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Speech to text concept vector illustration.

Towards accessibility

Accessibility concerns all of us, but what does it actually mean? Accessibility often refers to the accessibility of websites and mobile services to people with various limitations. Does accessibility, in fact, benefit everyone?

Let’s take a moment to think about a situation where you are on the move and your phone is guiding you to the right place. The sun is shining, and you cannot see anything on the screen. Or, you are in a noisy space and you’d like to watch the video you just received on your phone. The image does not convey all the information, so you’ll inevitably miss something simply for not hearing the sound on the video.

Living for a while with your hand in a sling or cast would also make the normal way of using the phone considerably more difficult.  So, wouldn’t it be nice if someone had already thought about accessibility for you?

Perhaps the above makes us think about the usefulness of accessibility for everyone. It should also be noted that for some of us, limitations are part of everyday life. Such limitations include the above, as well as problems with memory and concentration and difficulty understanding the Finnish language, for example. Particularly in these situations, accessibility really matters and guaranteeing accessible services supports equality.

To ensure that the decision whether to take accessibility into account or not is not left solely to those who produce websites and mobile services, the Digital Services Act, the Act on the Provision of Digital Services, was introduced. The Digital Services Act requires websites and mobile applications to be accessible. It implements the EU Web Accessibility Directive and promotes the implementation of the UN Convention on the Rights of Persons with Disabilities.

Three steps to meeting the requirements of the act

On a general level, accessibility requirements are met when anyone can use the websites and mobile applications and understand their content. On a more specific level, compliance with the act means meeting the A and AA level criteria of the international Web Content Accessibility Guidelines (WCAG). These 49 criteria concentrate particularly on the requirement of making the content perceivable, operable, understandable and robust.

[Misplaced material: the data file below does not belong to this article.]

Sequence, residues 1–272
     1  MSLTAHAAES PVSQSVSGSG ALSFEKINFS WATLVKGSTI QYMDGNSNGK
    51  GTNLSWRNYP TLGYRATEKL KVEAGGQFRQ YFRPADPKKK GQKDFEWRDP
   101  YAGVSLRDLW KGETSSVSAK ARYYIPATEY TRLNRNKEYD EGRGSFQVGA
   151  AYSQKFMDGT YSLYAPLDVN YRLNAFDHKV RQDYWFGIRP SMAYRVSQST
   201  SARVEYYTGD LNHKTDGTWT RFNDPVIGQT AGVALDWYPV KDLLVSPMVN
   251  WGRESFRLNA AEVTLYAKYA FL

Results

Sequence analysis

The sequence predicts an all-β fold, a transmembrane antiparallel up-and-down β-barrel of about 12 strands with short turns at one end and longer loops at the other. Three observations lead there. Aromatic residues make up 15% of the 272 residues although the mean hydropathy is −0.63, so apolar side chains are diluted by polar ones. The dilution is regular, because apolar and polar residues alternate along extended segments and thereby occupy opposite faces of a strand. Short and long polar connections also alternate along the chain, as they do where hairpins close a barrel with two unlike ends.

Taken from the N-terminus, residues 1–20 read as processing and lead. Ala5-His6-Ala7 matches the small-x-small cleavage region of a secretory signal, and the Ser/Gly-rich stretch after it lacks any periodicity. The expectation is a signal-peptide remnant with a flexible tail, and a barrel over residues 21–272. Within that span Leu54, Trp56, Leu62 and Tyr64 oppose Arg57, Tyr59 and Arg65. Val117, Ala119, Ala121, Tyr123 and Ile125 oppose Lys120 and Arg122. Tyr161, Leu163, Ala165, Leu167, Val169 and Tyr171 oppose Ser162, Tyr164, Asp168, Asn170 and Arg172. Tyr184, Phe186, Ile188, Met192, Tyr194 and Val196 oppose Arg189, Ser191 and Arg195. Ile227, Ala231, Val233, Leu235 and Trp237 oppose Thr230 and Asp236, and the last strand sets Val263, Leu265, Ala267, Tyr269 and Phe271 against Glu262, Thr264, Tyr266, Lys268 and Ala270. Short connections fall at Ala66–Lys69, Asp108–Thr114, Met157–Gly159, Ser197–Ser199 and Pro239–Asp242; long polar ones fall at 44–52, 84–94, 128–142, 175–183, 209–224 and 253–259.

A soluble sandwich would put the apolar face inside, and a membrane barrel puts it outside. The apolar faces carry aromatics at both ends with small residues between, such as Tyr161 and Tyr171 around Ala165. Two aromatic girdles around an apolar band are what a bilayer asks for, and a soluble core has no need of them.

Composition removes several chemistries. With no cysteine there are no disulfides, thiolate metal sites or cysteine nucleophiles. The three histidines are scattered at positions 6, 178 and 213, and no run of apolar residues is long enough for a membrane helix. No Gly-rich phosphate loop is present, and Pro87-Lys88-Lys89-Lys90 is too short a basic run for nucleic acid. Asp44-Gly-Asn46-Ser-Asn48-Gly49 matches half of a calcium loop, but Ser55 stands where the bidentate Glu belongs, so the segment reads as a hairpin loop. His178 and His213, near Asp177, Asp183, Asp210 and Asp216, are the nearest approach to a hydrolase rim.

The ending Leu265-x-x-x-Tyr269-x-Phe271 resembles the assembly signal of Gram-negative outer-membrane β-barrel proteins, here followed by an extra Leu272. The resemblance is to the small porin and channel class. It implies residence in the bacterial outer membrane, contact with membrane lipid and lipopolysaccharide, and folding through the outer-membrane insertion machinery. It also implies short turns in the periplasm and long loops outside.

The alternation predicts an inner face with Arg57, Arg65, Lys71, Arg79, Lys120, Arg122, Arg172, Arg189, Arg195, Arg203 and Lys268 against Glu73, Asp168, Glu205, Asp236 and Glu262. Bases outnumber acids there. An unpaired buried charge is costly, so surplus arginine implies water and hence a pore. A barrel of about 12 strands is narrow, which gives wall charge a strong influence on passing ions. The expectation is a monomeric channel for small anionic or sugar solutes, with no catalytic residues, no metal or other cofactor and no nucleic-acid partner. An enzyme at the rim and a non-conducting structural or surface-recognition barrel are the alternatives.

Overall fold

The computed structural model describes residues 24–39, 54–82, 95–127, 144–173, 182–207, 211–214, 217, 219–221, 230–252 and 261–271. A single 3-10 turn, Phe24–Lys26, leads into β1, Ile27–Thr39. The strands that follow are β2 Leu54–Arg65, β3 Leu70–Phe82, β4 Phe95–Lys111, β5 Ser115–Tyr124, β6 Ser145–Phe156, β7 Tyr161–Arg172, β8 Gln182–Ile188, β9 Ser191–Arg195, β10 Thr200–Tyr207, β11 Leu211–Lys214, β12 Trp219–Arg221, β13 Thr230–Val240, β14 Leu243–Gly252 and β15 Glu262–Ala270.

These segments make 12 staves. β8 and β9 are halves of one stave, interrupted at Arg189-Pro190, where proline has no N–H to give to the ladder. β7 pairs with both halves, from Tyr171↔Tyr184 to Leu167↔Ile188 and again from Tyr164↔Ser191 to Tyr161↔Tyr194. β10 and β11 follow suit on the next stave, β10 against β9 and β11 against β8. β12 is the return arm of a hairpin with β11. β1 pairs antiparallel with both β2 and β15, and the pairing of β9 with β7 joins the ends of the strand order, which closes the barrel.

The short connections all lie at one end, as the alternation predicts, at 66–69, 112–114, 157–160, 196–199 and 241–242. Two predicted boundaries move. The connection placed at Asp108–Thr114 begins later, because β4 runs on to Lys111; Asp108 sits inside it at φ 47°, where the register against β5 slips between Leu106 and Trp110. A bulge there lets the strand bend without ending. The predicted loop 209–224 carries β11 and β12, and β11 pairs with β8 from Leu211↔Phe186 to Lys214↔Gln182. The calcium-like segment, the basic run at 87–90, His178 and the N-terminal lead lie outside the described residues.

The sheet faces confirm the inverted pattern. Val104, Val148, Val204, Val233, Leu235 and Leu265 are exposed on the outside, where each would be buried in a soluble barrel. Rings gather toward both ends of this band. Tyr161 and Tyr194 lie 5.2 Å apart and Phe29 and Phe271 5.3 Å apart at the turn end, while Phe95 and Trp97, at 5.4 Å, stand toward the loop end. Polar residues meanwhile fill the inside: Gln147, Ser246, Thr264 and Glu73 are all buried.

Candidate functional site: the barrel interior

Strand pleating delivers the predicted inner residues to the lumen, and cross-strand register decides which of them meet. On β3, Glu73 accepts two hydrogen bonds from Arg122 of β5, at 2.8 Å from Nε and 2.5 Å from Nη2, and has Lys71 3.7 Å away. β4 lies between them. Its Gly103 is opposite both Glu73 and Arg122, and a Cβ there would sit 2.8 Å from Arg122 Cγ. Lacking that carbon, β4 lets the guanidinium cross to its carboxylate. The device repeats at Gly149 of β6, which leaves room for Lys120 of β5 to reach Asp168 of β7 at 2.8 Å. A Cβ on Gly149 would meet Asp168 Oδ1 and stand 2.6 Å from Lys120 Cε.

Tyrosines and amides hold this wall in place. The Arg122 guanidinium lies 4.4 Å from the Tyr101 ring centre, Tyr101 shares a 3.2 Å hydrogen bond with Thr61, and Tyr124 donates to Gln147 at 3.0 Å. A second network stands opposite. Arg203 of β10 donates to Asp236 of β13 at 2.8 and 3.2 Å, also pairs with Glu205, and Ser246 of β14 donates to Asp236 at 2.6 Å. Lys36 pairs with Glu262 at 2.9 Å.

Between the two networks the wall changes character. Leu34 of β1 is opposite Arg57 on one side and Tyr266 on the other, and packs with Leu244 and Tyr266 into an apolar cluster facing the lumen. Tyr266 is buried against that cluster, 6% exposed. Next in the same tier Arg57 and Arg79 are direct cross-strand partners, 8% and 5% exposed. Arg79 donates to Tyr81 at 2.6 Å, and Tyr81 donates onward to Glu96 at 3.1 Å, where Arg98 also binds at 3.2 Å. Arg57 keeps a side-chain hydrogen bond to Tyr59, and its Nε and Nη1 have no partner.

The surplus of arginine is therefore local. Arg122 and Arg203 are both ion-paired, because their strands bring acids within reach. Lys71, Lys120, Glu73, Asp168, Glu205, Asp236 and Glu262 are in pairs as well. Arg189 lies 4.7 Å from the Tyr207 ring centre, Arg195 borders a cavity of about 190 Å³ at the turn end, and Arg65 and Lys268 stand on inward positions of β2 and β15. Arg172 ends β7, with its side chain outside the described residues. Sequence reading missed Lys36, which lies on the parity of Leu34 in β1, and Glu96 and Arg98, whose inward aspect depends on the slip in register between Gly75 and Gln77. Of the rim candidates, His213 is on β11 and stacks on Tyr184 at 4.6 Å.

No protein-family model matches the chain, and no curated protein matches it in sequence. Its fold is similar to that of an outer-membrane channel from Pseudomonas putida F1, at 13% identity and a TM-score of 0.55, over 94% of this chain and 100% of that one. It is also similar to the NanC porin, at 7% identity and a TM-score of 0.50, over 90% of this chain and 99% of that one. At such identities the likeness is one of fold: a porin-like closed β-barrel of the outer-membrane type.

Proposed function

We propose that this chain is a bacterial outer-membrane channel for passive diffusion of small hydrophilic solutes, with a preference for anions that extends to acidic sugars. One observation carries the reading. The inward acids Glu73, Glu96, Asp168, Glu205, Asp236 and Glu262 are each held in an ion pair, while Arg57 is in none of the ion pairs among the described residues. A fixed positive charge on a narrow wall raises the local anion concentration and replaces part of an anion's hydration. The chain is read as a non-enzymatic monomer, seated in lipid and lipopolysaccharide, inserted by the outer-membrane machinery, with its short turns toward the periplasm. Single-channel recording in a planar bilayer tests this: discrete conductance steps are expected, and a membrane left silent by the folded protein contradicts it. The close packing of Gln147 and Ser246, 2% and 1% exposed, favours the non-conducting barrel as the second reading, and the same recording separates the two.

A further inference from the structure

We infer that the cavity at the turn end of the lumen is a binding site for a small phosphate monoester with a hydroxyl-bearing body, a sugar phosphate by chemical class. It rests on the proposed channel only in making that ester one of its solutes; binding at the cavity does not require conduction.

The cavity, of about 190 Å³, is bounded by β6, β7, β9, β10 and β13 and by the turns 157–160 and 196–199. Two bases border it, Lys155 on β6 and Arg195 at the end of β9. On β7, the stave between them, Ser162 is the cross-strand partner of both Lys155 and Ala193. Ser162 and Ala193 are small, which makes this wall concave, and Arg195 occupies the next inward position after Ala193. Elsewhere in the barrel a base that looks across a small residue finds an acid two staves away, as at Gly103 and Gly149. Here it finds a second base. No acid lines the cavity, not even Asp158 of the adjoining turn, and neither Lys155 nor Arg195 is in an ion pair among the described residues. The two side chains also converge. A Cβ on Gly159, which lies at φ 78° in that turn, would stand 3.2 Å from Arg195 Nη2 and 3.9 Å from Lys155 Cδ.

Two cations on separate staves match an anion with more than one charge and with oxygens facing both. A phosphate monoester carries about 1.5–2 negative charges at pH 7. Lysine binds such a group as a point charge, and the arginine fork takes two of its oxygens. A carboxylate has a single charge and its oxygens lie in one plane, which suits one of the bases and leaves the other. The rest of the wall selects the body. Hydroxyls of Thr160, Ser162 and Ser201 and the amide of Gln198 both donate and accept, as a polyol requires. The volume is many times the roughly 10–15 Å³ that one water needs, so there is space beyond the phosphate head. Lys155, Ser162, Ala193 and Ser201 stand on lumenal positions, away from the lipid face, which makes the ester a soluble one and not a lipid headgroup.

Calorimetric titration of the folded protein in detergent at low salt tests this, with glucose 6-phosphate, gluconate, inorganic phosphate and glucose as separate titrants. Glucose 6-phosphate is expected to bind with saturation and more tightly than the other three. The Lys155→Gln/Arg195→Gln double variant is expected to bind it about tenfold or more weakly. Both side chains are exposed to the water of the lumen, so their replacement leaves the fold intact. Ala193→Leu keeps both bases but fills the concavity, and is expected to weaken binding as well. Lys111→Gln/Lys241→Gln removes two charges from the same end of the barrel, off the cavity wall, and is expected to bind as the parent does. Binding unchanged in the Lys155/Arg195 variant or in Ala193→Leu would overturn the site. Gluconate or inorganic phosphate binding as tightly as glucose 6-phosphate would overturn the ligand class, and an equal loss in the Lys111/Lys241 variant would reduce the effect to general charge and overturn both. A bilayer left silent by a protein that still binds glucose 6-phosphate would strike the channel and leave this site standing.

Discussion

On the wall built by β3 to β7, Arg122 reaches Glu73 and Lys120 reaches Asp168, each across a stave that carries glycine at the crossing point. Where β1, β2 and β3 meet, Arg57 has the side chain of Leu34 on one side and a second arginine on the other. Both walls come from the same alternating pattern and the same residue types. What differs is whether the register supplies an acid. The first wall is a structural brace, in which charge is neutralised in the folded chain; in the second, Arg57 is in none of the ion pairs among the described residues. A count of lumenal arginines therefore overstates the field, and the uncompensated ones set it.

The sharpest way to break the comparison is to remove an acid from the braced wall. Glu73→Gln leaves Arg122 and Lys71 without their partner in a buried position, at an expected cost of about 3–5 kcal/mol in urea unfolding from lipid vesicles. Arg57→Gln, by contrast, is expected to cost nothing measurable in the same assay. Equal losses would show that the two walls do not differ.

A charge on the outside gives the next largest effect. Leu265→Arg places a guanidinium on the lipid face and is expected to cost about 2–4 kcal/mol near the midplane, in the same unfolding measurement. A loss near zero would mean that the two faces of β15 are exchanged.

The criteria also ensure that the content is accessible with a variety of assistive technologies and despite disabilities. In addition to the WCAG guidelines, the act requires that an accessibility statement be added to the service and an online form made available on the service for users to provide feedback regarding accessibility.

Obligations for the authorities and, in the future, for private individuals

At the moment, the Digital Services Act obliges the authorities, bodies governed by public law as well as organizations and associations whose activities and services are implemented in part (min. 50%) with public funding. In addition, in the private sector, the following also fall within the scope of the law: financial sector operators, insurance companies/associations and identification services, as well as water, energy, postal and transport services when an authority is closely connected to the operation.

The act requires service providers to take responsibility, which means that, e.g., the authorities cannot order the service if it is not accessible. The act applies to both new and old websites and mobile applications. The Digital Services Act will be supplemented by the European Accessibility Act (Directive 2019/882), which extends the accessibility requirements to the private sector even more comprehensibly. Finnish legislation is still evolving in this respect, but in any case, the act that will enter into force in 2022 will apply to online stores and banking services, among others.

Part of everyday activities

In other words, the Digital Services Act currently only obliges certain entities, but in the future, it is likely to oblige all kinds of operators. For this reason, it is worth paying attention to accessibility already at this point. Taking accessibility into account is cheapest and easiest when done at as early a stage as possible.

Taking accessibility into account also enables various uses, improves the user experience for all users and is generally part of high-quality service. Accessibility seems to be a clear trend, and the demand for it is continuously increasing.

To what is more, ensuring accessibility is not exactly rocket science. Accessibility can be taken into account as a natural part of, e.g., the UX design process. Even though good UX design does not guarantee accessibility or vice versa, the two support each other.

Accessibility can be significantly improved with relatively small measures – the greatest difficulty will probably lie in assuming a mindset where accessibility is identified and incorporated into everyday activities. In the public sector, operators are, of course, already being strongly encouraged to do so.

P.S. The supervisory unit for accessibility (Saavutettavuuden valvonnan yksikkö) of the Regional State Administrative Agency takes care of the statutory activities under the Digital Services Act: it instructs and advises, processes the contacts of the citizens and monitors compliance with accessibility requirements. Thus, the realization of accessibility is indeed being monitored, as can be concluded form this item of news by the Regional State Administrative Agency (in Finnish).

Sources: (in Finnish) (in Finnish)

Papunet: Saavutettavuus (in Finnish)

Laurea Journal: Esteettömyysdirektiivi tulee, oletko valmis? (in Finnish)

Heidi Martikainen
UX Designer